• LaliluleloLalilulelo Registered User regular
    edited April 2011
    hanskey wrote: »
    Lalilulelo wrote: »
    hanskey wrote: »
    You over-generalized their results and did exactly what the slippery slope definition says.

    As an aside, your description of the survey tells us little beyond your interpretation, and without a link no one else can examine the validity of the claim you make or the validity of the study itself.

    One might say that you made an unjustified leap in your reasoning and got called out for it.

    Ohhh man, busted! :? Ya got me!
    <img class=" title=":lol:" class="bbcode_smiley" /> Yeah, sorry about that, someone put the silly goose snarky-snark pants on this morning.
    Spoiler:
    Let's just forget about the whole disagreement. Maybe you're right and rebound is a problem at the macro-scale.

    I know for me that it has been great to spend less money on electricity every month.
    Lalilulelo wrote: »
    Disregarding I thought the unwritten rule here was that board members in discussions are given a certain degree of crediblity (if everyone had to post citations for everything they said we'd be here all day):

    http://www.nytimes.com/2011/03/08/science/08tier.html?_r=1&partner=rss&emc=rss
    God I wish!! I thought the same thing, but over the last 3-5 days in this thread, I've been repeatefly snarked to death for lack of citations. Just a bad habit I picked up, which I apologize for. What I got out of the NY Time article is that the "rebound effect" might or might not be real. Certainly the author was convinced, but the evidence was not as strong as it was made out to be by the author when I read a bit closer (a few examples do not a trend make, and all that).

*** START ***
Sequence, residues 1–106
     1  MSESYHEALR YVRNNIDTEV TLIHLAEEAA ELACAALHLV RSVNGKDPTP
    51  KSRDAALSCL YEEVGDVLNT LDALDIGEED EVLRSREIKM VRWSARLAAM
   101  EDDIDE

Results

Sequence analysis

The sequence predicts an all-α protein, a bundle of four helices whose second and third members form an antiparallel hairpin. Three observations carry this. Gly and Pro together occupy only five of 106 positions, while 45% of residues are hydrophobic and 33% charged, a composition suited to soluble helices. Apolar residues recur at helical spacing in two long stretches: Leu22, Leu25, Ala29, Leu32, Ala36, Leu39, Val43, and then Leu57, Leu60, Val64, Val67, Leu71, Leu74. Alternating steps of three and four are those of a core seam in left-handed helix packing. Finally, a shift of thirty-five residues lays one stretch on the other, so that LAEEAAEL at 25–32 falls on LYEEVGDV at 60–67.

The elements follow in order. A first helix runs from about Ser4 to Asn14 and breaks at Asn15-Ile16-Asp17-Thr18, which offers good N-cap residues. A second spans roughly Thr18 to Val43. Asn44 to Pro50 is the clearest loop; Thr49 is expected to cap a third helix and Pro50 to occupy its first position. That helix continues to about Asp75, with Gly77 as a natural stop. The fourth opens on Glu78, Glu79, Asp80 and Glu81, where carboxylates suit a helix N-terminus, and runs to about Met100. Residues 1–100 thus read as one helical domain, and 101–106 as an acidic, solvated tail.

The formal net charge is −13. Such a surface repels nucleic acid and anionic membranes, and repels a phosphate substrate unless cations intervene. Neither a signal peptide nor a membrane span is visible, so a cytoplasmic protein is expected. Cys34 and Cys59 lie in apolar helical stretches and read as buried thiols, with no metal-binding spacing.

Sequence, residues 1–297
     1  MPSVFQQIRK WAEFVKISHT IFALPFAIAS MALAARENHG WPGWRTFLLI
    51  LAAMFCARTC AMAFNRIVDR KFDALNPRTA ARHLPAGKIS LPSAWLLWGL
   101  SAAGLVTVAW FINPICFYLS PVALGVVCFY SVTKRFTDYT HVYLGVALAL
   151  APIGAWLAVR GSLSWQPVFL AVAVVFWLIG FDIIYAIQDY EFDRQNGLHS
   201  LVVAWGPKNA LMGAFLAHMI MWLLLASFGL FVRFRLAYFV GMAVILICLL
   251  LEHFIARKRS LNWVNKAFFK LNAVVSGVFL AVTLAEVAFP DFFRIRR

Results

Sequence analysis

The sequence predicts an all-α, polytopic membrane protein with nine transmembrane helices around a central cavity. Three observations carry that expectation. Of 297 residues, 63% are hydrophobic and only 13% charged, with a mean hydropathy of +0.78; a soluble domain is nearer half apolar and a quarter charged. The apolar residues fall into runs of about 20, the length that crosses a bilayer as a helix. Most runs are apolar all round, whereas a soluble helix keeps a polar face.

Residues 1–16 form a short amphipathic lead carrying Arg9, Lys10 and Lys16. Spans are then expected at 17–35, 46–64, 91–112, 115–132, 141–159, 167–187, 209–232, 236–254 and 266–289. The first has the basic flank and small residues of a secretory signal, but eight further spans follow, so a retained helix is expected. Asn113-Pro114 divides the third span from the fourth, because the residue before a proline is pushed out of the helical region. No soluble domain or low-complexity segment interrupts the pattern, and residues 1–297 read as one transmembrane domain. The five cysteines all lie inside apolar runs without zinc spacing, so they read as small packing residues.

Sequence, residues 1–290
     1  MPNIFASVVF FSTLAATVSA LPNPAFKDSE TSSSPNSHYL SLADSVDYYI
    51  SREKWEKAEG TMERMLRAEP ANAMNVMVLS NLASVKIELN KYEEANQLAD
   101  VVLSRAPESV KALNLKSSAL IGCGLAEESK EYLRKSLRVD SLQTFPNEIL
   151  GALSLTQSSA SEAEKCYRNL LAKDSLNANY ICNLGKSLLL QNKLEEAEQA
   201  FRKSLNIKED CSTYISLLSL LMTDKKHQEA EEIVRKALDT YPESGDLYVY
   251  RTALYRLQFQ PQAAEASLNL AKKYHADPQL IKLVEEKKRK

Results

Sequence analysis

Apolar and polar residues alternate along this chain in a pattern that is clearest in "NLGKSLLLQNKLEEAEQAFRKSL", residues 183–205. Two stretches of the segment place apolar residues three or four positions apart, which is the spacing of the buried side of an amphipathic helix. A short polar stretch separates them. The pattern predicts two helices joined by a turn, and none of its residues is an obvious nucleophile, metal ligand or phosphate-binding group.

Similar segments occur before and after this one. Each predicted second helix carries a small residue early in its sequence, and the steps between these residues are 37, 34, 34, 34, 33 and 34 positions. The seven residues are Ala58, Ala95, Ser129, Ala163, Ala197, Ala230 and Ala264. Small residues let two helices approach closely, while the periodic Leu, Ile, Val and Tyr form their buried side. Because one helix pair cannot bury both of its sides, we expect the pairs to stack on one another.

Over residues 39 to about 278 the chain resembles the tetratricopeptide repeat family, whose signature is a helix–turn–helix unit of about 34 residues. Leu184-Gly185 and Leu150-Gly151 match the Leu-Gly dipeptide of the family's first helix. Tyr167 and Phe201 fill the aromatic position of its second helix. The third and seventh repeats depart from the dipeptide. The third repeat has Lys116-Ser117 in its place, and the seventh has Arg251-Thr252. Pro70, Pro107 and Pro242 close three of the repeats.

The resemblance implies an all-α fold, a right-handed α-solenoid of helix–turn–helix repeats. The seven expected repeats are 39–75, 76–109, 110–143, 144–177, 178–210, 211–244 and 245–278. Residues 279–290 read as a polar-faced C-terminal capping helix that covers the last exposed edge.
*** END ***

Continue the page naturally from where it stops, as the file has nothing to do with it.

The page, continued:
...The author of the 2007 report, Steve Sorrell, noted that these effects could, in some circumstances, “potentially increase energy consumption in the long term.” ...
    My take is that the author of the NY Times article is also overstating his case, since the actual scientist's language is much more cautious and filled with hedges because of real uncertainty in the research.

    1288507969382.jpg

    STRONGHOLD. THE WEBCOMIC. Monday - Friday
    Art is not an abstracted ideal, and does not exist for its own sake in its own world.
  • emp123emp123 Registered User regular
    edited April 2011